Published in Artfacts Vol.IIX, No 1, USC Roski School of Art and Design, Fall 2003, Los Angeles, CA
The following was the introduction to Daniel Buren’s second lecture of a three part series titled ‘The Desertion of the Studio and it’s Implications’ at the University of Southern California School of Fine Arts Twentieth Annual Getty Lecture Series.
The title of Daniel Buren’s lecture tonight is Works in Situ.
By way of introduction, instead of attempting to sum up the amazing career of Daniel Buren, I thought I would share my experience of one of his works. In 1995 Andrew Freeman was hired by Anne Rorimer to document Daniel Buren’s work titled Bus Benches dated 1970/82/95. At the time it was included in the MOCA exhibition Reconsidering the Object of Art: 1965-1975, curated by Ann Goldstein and Anne Rorimer. The work consisted of 52 bus benches throughout Los Angeles. On the backrest of each bench, where the advertising would be, green and white bands of color 8.7 cm wide, covered the back of the bench in standard bus poster material. Andrew Freeman hired me to assist him in documenting the benches. We went to each of these bus bench locations at least once, some several times. Four were missing and one was mismarked.
Generally when given the choice of several benches with advertising and a green and white striped bench, the public preferred to rest on Daniel Buren’s work. When graffiti-ing on bus benches people also preferred Daniel Buren’s work, though in consideration of the form, they often wrote their smaller texts within a band of color.
Our conversations with people regarding the bus benches were generally one sided. Mostly it consisted of telling people they were sitting on an artwork that was about to be photographed and would they consider moving to the bench next to them if they didn’t want to become part of the documentation. One elderly woman in front of a convalescent home was particularly taken with this information. It pleased her to know she was sitting on a work of art connected to MOCA.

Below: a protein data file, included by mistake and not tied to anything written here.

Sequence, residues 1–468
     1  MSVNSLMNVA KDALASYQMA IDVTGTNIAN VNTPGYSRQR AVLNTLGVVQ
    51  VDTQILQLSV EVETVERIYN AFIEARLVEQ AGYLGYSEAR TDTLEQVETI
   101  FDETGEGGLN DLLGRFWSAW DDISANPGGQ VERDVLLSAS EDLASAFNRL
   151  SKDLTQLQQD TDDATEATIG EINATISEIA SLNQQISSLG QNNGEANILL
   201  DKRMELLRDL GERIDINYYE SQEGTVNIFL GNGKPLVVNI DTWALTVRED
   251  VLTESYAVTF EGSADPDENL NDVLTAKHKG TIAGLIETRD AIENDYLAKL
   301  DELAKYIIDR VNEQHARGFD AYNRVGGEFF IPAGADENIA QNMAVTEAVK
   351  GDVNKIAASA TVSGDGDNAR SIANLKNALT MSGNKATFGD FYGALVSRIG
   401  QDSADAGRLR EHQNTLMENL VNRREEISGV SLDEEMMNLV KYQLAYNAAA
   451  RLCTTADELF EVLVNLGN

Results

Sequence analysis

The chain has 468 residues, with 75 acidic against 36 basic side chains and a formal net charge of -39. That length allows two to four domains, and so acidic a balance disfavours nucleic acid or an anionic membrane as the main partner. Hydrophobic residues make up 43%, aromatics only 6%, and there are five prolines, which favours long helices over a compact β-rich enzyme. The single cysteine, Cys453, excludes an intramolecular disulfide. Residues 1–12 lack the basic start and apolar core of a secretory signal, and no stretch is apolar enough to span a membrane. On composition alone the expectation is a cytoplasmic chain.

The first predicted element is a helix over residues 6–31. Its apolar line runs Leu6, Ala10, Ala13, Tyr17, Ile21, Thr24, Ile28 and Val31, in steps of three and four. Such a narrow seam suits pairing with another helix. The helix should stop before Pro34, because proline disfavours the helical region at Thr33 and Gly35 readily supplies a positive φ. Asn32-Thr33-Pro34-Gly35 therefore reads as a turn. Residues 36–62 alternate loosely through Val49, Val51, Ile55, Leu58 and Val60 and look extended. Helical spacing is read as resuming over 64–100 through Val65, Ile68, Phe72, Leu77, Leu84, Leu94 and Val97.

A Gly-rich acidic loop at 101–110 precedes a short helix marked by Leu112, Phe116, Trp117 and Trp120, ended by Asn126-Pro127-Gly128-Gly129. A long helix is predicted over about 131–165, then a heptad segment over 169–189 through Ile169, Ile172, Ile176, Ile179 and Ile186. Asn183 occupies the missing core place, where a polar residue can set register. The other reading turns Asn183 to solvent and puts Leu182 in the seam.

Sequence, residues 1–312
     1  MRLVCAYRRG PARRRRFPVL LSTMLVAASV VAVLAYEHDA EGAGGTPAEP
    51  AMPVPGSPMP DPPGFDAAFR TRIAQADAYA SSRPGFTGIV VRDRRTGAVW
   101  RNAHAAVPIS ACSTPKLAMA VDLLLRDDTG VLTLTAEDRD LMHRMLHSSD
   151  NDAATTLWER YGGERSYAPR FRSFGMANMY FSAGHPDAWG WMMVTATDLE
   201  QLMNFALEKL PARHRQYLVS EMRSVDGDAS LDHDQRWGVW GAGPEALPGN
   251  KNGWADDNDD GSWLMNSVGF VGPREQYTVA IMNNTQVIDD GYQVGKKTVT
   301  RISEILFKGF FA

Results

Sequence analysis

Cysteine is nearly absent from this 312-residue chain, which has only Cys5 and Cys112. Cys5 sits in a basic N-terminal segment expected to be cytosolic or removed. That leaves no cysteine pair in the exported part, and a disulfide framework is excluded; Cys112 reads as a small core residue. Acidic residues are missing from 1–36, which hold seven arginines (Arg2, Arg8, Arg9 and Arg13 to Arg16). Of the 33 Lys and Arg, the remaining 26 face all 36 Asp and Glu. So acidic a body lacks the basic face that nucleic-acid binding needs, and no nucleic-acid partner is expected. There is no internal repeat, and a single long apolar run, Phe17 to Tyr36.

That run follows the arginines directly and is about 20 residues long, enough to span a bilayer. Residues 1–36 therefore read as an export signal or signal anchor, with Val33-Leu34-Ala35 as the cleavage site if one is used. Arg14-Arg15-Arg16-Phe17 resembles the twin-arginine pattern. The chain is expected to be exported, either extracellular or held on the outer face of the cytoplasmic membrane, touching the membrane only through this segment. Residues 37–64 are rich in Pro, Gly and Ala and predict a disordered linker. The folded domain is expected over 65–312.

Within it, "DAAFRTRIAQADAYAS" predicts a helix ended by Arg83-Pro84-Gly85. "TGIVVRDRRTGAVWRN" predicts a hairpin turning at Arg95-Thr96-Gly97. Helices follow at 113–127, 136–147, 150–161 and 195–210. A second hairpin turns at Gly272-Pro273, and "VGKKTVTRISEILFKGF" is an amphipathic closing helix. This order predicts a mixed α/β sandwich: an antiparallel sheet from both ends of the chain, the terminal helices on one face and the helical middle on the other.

As we collected these photo souvenirs, we looked forward to seeing the context of each bench. A simple act of recognition, the oh there’s one began to fix in our brains. As we drove around Los Angeles they became old friends. I look at the bench on Beverly and Kingsley Drive to this day. The business has turned over twice since then. We have a photograph of that location. A woman sits on the striped bench holding a child with the word liquor advertised on the wall behind her in large red acrylic letters.
The life going on around the benches became a frame, which could not be separated from the work. This was further affected by the vulnerability we felt through the camera’s presence.
At Vermont and Olympic I stayed in the pickup while Andy took out one camera. The pickup was unlocked and a man on a bike came towards the car. I pretended not to see him looking in at the equipment. When he made a U-turn back out of the parking lot, I locked the doors and watched him switch off the bike to another man who rode it somewhere behind me. When Andy returned I said, "I think we are about to get jumped" and we decided to leave. As we backed the car out we saw the guy on the bike behind a wall. There was a van in the corner of the lot, a possible third person. As we pulled out past the McDonalds, the first man was practicing his boxing moves on the sidewalk. He stopped and watched us as we drove by. There was plenty of traffic.
At the corner of La Brea and Hollywood Blvd. drug deals were being conducted from the green and white striped bench. We returned on several occasions without making photographs due to the awkwardness of pointing a camera at criminal activity. As a last resort we went first thing in the morning only to find that there was still a person posted at the site. As a show of good faith, we paid him twenty bucks to move.
The last bench photographs was the most compelling Los Angeles experience. It was on the corner of Santa Monica and Thayer in front of a Human Rights Center. We had walked over to the field of tall grass across the street to examine the best vantage point when a barefoot woman came running out of nowhere and started to beat Andy on the head with a shoe. It took me a minute to realize she was alone. In my strictest voice, I told her, “You need to stop that right now.” And she did, moving back into the bushes telling us something to the effect that you people need to stop bothering me. Stop coming here. We had not been to the site before. Her act was a defensive one, not aggressive. This particular experience proposed the need to put into context the homeless woman, our experience, and our labor now behind us with the work of Daniel Buren.
Please welcome, Daniel Buren.